The sharp-eyed folks over at Macenstein.com have pointed out what may be the first third party application designed for Apple’s upcoming iPhone.
The description for Scenario Poker, included in Apple’s Dashboard games section, describes the title as being designed for the iPhone’s screen size and resolution as well as supporting a “tap” interface as well as a mouse-friendly double click interface.
To date, Apple has not specified the exact criteria for third party iPhone applications or what’s involved in the development of any such titles.
If you have any ideas or comments about this, let us know.
It was only a matter of time between when the Apple TV was released and people would try to make it do…everything.
A pair of new hacks to Apple’s recently released media device now allow the Apple TV to act as both a news reader as well as a video game emulation unit for NES, SNES, Nintendo 64 and Sega Genesis game console titles.
The RSS reader, according to Engadget, is installed as a plug-in. Full details and the plug-in itself can be found here at the twenty08 blog.
The video game emulation is a bit foggier, but appears to be functional, a wiki post over at awkwardtv.org citing that several emulators by Richard Bannister can work with the addition of SSH. Below is a YouTube video of the hack in action, though no directions as to how to set this up for yourself have been posted as of yet:
Finally, AppleTVHacks.net and FalWallet.com have offered a $1,000 bounty for a hack that enables full external drive support through the Apple TV’s USB port.
If you’ve tried these hacks or know of another project that’s pushing what the Apple TV is capable of, let us know.
The Apple TV has been out for a few weeks now. And after all the content you can find around the house has been ripped from your DVD collection, the hunt for additional material to store to the device continues.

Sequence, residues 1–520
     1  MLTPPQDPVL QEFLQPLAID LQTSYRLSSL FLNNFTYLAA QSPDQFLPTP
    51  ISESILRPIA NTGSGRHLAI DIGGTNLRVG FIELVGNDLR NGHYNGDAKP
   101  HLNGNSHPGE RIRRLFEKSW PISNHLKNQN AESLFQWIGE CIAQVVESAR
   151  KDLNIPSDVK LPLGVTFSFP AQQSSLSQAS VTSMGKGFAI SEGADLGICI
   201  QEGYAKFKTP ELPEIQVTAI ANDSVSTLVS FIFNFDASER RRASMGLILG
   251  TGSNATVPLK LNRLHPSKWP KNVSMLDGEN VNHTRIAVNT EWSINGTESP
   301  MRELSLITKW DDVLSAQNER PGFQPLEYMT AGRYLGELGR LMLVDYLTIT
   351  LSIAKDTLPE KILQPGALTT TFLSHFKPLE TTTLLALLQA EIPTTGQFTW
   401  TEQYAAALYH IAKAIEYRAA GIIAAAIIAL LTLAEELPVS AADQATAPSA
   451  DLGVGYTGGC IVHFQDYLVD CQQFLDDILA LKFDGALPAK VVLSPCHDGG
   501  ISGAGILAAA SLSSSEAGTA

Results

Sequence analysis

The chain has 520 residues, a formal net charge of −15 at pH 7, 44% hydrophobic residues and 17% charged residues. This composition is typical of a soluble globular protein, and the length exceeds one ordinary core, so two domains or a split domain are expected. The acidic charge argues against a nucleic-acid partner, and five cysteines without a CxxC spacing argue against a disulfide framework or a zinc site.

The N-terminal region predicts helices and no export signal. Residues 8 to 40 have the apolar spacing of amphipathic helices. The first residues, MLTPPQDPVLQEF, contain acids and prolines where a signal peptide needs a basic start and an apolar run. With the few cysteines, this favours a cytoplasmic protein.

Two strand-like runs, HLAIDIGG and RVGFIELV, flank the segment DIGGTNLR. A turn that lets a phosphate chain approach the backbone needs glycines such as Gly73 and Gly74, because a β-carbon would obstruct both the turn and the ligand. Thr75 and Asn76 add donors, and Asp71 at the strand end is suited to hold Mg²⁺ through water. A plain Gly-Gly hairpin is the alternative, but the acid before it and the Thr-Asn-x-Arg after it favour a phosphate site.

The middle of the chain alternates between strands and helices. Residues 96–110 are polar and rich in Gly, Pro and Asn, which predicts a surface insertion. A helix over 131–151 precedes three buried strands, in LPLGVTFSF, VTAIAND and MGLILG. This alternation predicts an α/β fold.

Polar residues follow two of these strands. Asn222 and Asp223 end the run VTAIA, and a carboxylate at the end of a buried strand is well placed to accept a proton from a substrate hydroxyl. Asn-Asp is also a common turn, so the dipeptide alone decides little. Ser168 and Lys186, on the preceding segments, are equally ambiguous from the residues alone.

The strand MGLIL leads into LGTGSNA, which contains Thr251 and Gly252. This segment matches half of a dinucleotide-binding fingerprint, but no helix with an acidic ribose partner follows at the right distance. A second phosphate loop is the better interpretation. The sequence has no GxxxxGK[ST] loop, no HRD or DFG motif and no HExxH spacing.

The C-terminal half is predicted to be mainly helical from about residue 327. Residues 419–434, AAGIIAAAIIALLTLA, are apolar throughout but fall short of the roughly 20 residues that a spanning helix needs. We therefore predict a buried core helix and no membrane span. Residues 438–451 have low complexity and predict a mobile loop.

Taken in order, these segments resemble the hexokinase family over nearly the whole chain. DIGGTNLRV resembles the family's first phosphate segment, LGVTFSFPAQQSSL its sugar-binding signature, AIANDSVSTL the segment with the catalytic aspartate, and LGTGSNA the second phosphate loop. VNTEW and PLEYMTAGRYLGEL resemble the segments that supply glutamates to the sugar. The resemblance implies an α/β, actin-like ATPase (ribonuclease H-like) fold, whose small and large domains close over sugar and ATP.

The guys over at MacDailyNews are reporting on HyngryFlix.com, a web site which provides independent content for portable media devices such as the Apple TV and Sony PSP. Here, creators can upload their own content while customers can pull down films for a few dollars per title.
Even as the argument over formatting, resolution, playback and the quality of titles available for purchase over in the iTunes Store rages on, there’s always room for a third party to step in and offer something.
Take a look and if you have an opinion on what you see or know of a similar site doing the same thing, let us know.
On Monday, Apple released version 7.1 of the firmware for its recently released 802.11n-based AirPort Extreme Base Station. The update, a 4.6 megabyte download, provides general fixes, compatibility updates and security improvements for the wireless router.
Specifically, the update patches a security hole in the way the Base Station accepts IPv6 connections. According to AppleInsider, the update alters this to prevent servers and other services from attacks, the revised method changing how the router accepts traffic from both computers inside and outside a local network.
The update also provides a correction in the way the station handles hard drives through its AirPort Disk feature. Before, computers on a local network could view the names of files in password-protected columes without having to enter the password. This has been changed to protect sensitive file information where applicable.
Users can also open the AirPort Utility program and choose “Check for Updates” from the AirPort Utility menu to snag the update.
If you’ve had either a positive or negative experience with the new firmware version, please let us know.